Adaptive Sports Connection provides equipment for people with physical and cognitive disabilities

Steve Wartenberg
For Columbus CEO
Sharon Schreiber, executive director, of Adaptive Sports Connection photographed on Tuesday, January 18, 2022.

When he moved to Columbus in the fall of 1992, Steve Ricker brought along a very specialized skill: teaching people with disabilities to ski.

Born in Canada, where he learned to ski, Ricker moved to Ithaca, New York, in the 1980s, “where I volunteered with an adaptive ski program,” he says. “At the first clinic, where I learned how to teach, the teacher was a blind man in his 60s, and I was hooked.”

Soon after moving to Columbus, Ricker, who works in sales and marketing in the medical equipment industry, founded the Adaptive Adventure Sports Coalition, now called Adaptive Sports Connection.

Adaptive Sports Connection provides equipment for biking, kayaking, skiing and sailing

In addition to skiing, Adaptive Sports Connection volunteers work with, teach and provide specialized equipment for several outdoor activities, including road cycling and mountain biking, kayaking, waterskiing and sailing. While Adaptive Sports Connection is well-known by hundreds of children, adults and veterans with physical and cognitive challenges, the organization is a bit under the radar for many in the region. “We’ve always been one of the best-kept secrets,” says David Holzer, an Adaptive Sports Connection board member and a kayak instructor.

Sharon Schreiber, who joined the organization in December 2016 as its first full-time executive director, is working to increase the organization’s local profile. Schreiber has expanded the board, connected with local companies, such as Cardinal Health and AEP, applied for and received grants, and is about to undertake a game-changing, $6.6 million capital campaign to build an “adventure lodge” at the nonprofit’s headquarters on the banks of the Scioto River in Shawnee Hills.

“Sharon’s contacts have opened a lot of doors and her leadership has allowed us to draw higher-level board members,” Holzer says.

Schreiber, an Ohio State University graduate, worked in Florida in the marketing and communications field, specializing in health care. She moved back to Columbus in 2015, attended an Adaptive Sports Connection skiing event, where “they put me in one of the sit skis [that disabled skiers use] to see what it was like, and, it was so fascinating to watch and learn,” Schreiber says.

There were a few reasons Schreiber took on this new challenge. “I was at a point where I wanted to work with and focus in on one organization. My mission had always been health and wellness, so I was really drawn to this opportunity.”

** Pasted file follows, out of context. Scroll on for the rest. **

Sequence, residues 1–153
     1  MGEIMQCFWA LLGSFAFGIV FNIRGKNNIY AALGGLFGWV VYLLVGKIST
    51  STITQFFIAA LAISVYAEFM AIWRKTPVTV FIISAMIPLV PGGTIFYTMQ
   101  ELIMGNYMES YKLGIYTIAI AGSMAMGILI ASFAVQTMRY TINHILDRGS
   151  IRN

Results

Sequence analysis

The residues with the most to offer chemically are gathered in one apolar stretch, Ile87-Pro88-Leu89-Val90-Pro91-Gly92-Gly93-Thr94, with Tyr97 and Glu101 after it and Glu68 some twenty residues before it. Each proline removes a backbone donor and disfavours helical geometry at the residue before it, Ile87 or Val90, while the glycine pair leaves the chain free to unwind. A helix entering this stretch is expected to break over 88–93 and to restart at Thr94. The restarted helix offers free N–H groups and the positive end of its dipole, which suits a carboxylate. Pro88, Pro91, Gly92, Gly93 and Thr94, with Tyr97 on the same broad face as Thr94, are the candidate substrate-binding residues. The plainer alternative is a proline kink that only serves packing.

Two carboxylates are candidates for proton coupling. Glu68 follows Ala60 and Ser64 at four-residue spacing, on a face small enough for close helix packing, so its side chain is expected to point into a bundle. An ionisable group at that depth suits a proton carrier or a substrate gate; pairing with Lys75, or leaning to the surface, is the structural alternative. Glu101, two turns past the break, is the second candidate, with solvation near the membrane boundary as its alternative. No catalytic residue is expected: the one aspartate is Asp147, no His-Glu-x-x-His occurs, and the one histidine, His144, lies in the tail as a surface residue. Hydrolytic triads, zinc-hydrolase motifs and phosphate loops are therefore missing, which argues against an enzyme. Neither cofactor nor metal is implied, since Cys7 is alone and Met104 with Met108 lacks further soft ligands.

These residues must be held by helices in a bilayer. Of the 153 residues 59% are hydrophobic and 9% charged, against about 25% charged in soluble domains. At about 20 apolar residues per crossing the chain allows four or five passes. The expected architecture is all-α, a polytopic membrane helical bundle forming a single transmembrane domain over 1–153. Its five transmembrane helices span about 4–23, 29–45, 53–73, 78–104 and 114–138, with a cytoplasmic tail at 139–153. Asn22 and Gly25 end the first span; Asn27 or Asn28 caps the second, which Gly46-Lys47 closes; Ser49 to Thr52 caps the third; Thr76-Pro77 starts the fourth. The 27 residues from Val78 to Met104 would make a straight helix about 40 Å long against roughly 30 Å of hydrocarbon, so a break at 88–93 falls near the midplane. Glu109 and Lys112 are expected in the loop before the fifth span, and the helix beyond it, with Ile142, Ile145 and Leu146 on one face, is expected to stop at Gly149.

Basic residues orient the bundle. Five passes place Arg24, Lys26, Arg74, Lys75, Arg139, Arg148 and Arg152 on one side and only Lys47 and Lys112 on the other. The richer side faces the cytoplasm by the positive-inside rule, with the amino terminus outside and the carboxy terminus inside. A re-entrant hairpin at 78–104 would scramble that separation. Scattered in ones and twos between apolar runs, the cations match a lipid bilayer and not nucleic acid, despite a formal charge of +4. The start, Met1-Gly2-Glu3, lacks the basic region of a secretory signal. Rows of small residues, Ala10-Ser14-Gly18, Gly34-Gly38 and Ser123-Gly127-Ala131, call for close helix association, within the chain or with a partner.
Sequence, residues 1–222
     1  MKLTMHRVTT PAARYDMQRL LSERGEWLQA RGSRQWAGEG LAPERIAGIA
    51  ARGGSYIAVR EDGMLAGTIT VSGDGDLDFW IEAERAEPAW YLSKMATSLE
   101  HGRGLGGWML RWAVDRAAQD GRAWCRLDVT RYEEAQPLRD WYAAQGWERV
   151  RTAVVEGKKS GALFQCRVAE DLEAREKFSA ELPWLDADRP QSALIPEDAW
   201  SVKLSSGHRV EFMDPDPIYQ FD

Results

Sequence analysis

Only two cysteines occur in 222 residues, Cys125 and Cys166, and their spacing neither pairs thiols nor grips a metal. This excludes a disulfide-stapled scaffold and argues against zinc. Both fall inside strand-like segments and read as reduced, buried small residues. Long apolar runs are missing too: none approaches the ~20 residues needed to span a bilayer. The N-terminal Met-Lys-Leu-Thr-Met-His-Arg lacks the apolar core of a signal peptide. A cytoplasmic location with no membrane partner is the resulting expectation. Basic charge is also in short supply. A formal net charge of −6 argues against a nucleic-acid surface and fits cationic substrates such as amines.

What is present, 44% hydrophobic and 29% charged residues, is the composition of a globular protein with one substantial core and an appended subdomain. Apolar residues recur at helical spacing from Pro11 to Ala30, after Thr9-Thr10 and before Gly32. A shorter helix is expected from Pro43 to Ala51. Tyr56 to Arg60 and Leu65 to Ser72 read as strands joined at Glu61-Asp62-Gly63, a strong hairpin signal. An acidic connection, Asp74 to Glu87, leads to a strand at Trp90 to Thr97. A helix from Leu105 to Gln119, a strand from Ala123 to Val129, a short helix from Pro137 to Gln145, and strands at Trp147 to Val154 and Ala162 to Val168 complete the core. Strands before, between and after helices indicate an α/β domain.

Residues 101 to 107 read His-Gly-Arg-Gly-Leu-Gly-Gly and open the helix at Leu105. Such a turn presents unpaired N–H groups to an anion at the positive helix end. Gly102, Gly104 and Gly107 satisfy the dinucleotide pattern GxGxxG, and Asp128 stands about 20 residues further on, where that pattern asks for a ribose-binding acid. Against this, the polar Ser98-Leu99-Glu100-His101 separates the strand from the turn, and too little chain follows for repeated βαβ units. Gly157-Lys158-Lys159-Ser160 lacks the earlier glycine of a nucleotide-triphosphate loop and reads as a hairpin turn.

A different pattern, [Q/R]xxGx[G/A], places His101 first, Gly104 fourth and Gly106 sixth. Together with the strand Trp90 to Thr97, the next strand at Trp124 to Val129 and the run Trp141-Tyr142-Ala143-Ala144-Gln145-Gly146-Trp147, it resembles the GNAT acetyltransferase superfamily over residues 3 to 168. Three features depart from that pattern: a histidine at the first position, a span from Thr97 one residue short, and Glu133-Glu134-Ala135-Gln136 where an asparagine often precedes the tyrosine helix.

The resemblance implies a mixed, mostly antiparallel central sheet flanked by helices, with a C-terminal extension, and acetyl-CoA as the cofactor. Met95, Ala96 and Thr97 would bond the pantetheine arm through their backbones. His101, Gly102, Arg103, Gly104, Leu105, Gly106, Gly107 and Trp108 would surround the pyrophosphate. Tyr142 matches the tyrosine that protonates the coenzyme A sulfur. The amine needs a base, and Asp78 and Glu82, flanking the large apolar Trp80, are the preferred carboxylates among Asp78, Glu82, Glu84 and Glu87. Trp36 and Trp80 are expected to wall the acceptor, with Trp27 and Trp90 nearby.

The second reason was the people she’d met: The board members, volunteers and community of people with disabilities who participate in the organization’s programs. “I’ve learned so much from our adaptive athletes,” Schreiber says. “That we are all adaptive and resilient and can overcome obstacles.”

Maddison Mattey learned to ski at an Adaptive Sports Connection clinic when she was 13, and she later volunteered while attending Ohio University. “The joke is that they taught me how to ski and now they can’t get rid of me,” says Mattey, who was born without a left leg. She is the organization’s director of operations.

Schreiber and her team launched Get Out and Kayak in 2020. It was open to the disabled community and anyone who wanted a fun day out on the river learning how to kayak. It was successful, with 800 people participating the first year and 1,400 in 2021. The fees are used to fund Adaptive Sports Connection programs and purchase adaptive equipment. Several participants have become volunteers.

The success of Get Out and Kayak led to Get Out Adventures and more outdoor activities, including skiing, paddle boarding, and hiking. "The social enterprise is designed to support and sustain the work of Adaptive Sports Connection," Schreiber says.

Adaptive Sports Connection leases the land on the west bank of the Scioto River from Columbus Recreation and Parks. This will be the site of the $8 million adventure lodge. “We want to create a community and programming facility,” Schreiber says, adding she envisions other nonprofits groups utilizing the lodge. “We’re really excited about bringing more people here, other groups, inner-city kids, to use the facility and get them out and into nature.”

Ricker remains a member of the Adaptive Sports Connection board and continues to run ski clinics. “Volunteerism is addictive and now, so many of the disabled folks I’ve met are like family,” he says.

Steve Wartenberg is a freelance writer.

Adaptive Sports Connection

6000 Harriot Drive, Powell, 43065

Mission: To empower children, adults and veterans with physical and cognitive challenges through sports and therapeutic outdoor recreation.

Executive director: Sharon Schreiber

Employees: 6

Funding: Individuals and clubs, 17%; corporate donations and events, 35%; grants, 23%; program fees, social enterprise, 20%; program fees, 5%.